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A Few Thoughts on the Catalan Independence Referendum

Marian L. Tupy

Having observed the buildup to and consequences of the legal and
peaceful dissolution of my native land of Czechoslovakia in 1993
into two separate countries, I have developed an open mind about
separatist arguments. Since their separation, tensions between
Czechs and Slovaks have disappeared and the two are, once again,
the very best of friends. The Czechs no longer subsidize their
poorer cousins in the east, while Slovaks no longer blame their
problems on their “big brother” in the west. Everyone has won.

As such, I have kept an open mind about Scottish independence.
Many Scots resented their bigger neighbor to the south and wished
to regain the statehood they lost with the creation of Great
Britain in 1707. Scots, ultimately, balked at going it alone – a
decision partly influenced by the large financial subsidies that
Caledonia receives from England. The Brits handled the question of
the referendum in a typically cool-headed fashion. Unencumbered by
a “written Constitution,” a simple agreement between David Cameron,
the British Prime Minister and Alex Salmond, the Scottish First
Minister, paved the way for a vote north of the Hadrian’s Wall,
with 55 percent of the Scots opting for the status quo.

Madrid’s approach, while
legal and proportionate, seems to me politically unwise.

Spain, alas, has a Constitution, which was adopted in 1978 by 92
percent of the Spanish voters, including 95 percent of the voters
in Catalonia. The document does not provide for independence
referenda and specifically refers to the indivisibility of the
Kingdom of Spain. Consequently, the Spanish Supreme Court ruled
that the Catalan independence referendum was unconstitutional and
should not take place. The Catalan government ignored the Court’s
ruling and decided to hold the plebiscite anyway. The Spanish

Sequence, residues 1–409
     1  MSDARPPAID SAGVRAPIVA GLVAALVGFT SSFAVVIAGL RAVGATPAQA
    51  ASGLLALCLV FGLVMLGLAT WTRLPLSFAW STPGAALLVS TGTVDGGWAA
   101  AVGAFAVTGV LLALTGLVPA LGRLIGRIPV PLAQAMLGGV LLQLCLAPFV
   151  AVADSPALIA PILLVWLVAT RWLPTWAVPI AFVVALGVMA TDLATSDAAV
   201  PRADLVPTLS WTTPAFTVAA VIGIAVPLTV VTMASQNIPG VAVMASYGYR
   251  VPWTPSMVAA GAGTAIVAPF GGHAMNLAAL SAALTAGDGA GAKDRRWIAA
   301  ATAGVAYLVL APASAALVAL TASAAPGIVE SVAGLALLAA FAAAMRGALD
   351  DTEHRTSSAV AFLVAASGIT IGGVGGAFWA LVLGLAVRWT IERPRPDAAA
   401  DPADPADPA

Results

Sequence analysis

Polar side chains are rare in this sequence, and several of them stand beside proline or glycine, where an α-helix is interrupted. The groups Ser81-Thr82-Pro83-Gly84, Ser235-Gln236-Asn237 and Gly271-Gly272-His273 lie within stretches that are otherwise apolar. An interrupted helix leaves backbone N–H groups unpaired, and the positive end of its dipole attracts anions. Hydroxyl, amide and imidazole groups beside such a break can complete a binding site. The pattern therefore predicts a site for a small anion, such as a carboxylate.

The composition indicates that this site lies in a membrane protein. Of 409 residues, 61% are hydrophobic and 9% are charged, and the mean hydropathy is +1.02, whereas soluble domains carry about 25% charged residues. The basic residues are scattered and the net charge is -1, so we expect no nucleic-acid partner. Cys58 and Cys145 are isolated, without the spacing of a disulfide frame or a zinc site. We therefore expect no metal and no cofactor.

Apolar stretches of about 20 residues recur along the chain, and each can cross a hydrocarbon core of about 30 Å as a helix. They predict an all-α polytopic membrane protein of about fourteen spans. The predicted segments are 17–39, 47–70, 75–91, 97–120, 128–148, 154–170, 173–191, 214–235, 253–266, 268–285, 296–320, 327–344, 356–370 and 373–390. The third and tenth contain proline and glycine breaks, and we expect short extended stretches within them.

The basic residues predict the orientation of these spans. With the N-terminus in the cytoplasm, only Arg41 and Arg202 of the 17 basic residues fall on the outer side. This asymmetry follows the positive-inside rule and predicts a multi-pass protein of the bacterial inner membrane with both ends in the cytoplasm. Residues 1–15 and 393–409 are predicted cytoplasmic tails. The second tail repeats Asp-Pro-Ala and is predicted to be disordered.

government responded by sending in the national police and the
referendum was, for all practical purposes, derailed – amid some
violence.

With regard to the crackdown, a couple of things should be kept
in mind. First, nobody died, which is a bit of a miracle,
considering the red-hot passion on the Catalan side. From the film
footage I saw, it seemed to me that the Spanish police were
remarkably restrained and only responded with batons and rubber
bullets when under physical threat from the pro-independence
protesters. Second, given the Supreme Court ruling, the Spanish
government was obliged to enforce the rule of law and should not be
unduly blamed for the unpleasantness that followed.

That said, Madrid’s approach, while legal and proportionate,
seems to me politically unwise. The only way that the Catalans
could have held the vote legally was through constitutional change,
which is impossible, because the Spanish Parliament is filled with
unionists opposed to Catalan independence. The crackdown leaves the
Catalans with no recourse to rectify their grievances and could
lead to increased support for independence and, even, occasion a
rise of more extreme forms of Catalan resistance to the central
authorities.

For most Europeans, Spain without Catalonia is as strange of a
concept as the United Kingdom without Scotland. But, independence
can be a good way to lower tensions between peoples who no longer
wish to remain a part of the same political entity and an excellent
way to increase inter-jurisdictional competition, thereby allowing
for greater institutional experimentation.

Prior to the rise of the European nation states in the 16th and
17th centuries, Europe was sub-divided into hundreds of different
states and statelets. Germany alone consisted of over 300 different
political entities prior to Napoleon’s consolidation of the
territories in 1806.

These states offered their residents different sets of rights
and responsibilities. They competed with one another in terms of
policies, including religious tolerance and taxation. In fact, it
was this territorial disunity that, scholars argue, enabled Europe
to zoom past heavily centralized China to become the world’s
leading economy.

Today, Europe is in a bit of a funk. Perhaps an injection of
greater jurisdictional competition is just what the old world needs
to take it out of its morass and reinvigorate it once more.

Marian L. Tupy
is a policy analyst at the Cato Institute’s Center for Global
Liberty and Prosperity and editor of www.humanprogress.org.